Everyone Brought Their ‘A’ Game


February 2nd may have seemed to be a write off at first glance.  There was a fresh layer of snow.  It was cold and very grey. However, there were many reasons for being upbeat about the day.  Wiarton Willie did not see its shadow, giving us an early spring. It was Winterlude’s opening weekend.  The highlight for gamers, though, was the 6th Game Summit.

The winner of the Heroscape tournamet, Trong KhoiClose to 1000 people came through the doors of the Palais des Congrès for the convention.  Inside, free tables were at a premium.  Organizers were expecting that once the convention closed its doors the next day, close to 2000 people will have been there.

Part of that may have been due to the incorporation of the Geek Market to this year’s convention. Local artisans gathered together showing off their wares. Everything from steampunk watches to medieval inquisition kits was there for those looking to find something unique at the event.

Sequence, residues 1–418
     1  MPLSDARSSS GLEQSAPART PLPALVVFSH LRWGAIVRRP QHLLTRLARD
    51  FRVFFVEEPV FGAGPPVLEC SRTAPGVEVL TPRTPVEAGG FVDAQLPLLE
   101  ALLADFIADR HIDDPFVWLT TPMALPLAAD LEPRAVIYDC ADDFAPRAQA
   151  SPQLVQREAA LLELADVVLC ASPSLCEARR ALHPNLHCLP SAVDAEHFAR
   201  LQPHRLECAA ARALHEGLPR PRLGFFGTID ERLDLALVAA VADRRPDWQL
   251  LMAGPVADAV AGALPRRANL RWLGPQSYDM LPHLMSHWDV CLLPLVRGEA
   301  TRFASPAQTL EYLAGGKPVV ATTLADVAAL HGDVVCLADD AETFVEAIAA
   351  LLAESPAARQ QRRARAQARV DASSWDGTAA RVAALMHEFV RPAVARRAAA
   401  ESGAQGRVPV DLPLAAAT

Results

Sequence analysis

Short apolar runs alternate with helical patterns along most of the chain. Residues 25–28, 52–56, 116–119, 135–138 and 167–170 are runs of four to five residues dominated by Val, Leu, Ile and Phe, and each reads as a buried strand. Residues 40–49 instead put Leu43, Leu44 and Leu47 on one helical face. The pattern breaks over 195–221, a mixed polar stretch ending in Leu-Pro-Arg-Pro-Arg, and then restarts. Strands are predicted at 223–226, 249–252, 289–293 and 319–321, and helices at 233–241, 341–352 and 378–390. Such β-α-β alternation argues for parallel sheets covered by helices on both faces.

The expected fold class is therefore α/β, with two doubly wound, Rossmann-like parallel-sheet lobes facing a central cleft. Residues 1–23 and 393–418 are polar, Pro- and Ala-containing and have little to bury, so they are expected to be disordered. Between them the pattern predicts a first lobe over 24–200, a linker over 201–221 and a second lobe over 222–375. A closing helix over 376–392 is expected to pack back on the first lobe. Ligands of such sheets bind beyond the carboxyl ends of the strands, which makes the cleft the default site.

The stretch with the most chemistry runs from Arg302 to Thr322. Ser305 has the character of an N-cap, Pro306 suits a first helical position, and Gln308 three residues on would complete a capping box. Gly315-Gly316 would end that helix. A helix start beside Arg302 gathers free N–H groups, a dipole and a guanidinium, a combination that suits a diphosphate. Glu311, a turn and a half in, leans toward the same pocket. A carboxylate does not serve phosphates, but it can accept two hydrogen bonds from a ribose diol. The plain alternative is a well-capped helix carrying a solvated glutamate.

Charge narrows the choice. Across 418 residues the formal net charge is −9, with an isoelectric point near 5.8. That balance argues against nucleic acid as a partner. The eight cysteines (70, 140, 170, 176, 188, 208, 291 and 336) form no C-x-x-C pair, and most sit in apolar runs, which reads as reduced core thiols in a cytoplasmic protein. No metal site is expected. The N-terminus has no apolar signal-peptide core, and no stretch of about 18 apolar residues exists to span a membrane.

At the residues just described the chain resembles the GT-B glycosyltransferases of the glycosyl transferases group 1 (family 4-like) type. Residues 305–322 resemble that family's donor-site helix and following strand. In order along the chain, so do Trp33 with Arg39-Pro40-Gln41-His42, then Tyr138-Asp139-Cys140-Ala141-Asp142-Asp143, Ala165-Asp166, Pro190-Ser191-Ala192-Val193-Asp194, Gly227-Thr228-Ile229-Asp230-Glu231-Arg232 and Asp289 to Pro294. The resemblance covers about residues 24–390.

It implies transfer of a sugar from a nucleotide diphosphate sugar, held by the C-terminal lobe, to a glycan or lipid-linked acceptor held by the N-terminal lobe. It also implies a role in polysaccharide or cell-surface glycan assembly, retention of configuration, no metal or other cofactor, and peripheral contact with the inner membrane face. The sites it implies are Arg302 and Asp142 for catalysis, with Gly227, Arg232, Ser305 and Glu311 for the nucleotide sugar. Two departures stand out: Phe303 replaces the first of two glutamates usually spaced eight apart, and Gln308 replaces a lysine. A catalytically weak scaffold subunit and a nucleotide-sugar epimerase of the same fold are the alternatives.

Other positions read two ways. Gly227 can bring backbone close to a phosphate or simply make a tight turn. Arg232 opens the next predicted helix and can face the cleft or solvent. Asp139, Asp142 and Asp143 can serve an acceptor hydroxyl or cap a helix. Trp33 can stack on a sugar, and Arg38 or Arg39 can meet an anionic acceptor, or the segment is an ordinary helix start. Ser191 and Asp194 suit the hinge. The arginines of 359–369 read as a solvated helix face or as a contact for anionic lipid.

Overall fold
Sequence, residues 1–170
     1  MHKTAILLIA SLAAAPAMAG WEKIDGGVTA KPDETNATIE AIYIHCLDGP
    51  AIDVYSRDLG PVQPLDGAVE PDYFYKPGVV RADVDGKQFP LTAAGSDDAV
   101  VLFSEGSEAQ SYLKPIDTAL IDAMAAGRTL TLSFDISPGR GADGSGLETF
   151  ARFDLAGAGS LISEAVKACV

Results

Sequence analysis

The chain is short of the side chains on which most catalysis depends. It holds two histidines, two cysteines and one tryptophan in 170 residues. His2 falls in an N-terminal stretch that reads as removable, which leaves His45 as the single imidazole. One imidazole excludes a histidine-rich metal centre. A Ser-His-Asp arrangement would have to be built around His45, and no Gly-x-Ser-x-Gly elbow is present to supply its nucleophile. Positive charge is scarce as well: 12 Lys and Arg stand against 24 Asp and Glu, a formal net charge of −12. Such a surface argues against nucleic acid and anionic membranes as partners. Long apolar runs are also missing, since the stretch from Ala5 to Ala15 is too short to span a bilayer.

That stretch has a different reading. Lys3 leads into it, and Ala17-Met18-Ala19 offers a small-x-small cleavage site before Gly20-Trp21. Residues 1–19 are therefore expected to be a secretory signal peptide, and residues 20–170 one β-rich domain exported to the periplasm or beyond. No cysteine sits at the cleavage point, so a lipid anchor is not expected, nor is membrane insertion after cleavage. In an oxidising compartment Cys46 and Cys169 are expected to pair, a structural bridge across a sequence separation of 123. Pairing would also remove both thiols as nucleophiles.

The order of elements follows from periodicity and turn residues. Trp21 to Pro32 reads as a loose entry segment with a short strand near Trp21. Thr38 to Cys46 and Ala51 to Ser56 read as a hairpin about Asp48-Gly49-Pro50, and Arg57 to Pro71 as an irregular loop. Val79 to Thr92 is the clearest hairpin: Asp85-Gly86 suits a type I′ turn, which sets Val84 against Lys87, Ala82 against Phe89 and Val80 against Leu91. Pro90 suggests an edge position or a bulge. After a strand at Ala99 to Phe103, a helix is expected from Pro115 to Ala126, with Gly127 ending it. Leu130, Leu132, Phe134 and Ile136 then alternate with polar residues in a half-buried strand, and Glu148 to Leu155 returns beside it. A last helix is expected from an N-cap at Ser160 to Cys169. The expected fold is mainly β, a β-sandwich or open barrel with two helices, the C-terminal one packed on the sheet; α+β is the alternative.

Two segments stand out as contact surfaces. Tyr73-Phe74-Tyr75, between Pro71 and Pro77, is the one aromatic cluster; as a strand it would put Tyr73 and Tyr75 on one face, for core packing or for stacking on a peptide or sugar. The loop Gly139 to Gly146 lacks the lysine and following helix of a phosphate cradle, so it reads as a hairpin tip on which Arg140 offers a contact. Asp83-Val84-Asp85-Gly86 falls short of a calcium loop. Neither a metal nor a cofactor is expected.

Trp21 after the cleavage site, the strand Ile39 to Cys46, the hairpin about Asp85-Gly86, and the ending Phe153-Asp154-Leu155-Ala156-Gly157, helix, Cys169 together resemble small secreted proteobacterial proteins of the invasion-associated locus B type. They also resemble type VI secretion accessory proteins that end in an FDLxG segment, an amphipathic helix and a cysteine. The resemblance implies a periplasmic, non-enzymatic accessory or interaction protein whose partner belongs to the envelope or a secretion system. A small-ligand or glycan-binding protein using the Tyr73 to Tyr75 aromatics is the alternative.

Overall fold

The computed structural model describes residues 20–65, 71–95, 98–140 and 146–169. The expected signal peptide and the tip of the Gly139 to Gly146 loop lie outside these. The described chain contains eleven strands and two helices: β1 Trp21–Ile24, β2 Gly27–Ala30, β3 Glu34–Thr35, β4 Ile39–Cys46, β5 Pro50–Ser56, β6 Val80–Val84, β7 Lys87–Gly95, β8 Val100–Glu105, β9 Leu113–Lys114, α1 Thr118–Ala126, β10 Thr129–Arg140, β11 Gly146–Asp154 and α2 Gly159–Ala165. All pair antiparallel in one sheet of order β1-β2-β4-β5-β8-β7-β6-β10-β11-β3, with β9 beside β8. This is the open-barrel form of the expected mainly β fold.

At the other end, those looking for insight on bringing a game from a concept to tabletops everywhere could listen in on a talk from Jason Anarchy, the creator of Drinking Quest. The audience was treated to an informative and funny recap of his experiences bringing the game to market.  Quite a few in the audience seemed to be ready to run home and implement all the advice given.

One person who didn’t end up needing his advice, though, was in the main hall.  Last year Louis-Nicolas Dozois showed his new game Shake Out.  The day after the Game Summit convention, his game got picked up by a publisher. Since then, the game has been renamed to Roll n’ Bump. From there it’s ben nothing but success for him. He managed to get his game sold in major retailers across Quebec like Archambault. The morning of this year’s convention, he got news that his game will now be available at Miss Tiggy Winkles.  Turns out this convention is a great place to discover games before they get popular everywhere else.

New to the staple of giant games this year is Giant Catan!That was likely the biggest draw of the event.  Gamers were able to pick up and try any new game that caught their eye.  They could even enlist the help of the volunteers in explaining a new game.  Ashley Cabecinha, whose business card lists her as the Most Honourable Chairwoman of The Meeple’s Republic, was on hand to help anyone with a new game.

Her company holds events to help people socialize while learning a new game.

“We want people to understand why we like board games,” Cabecinha said.

For those that went, that summed up the day entirely.

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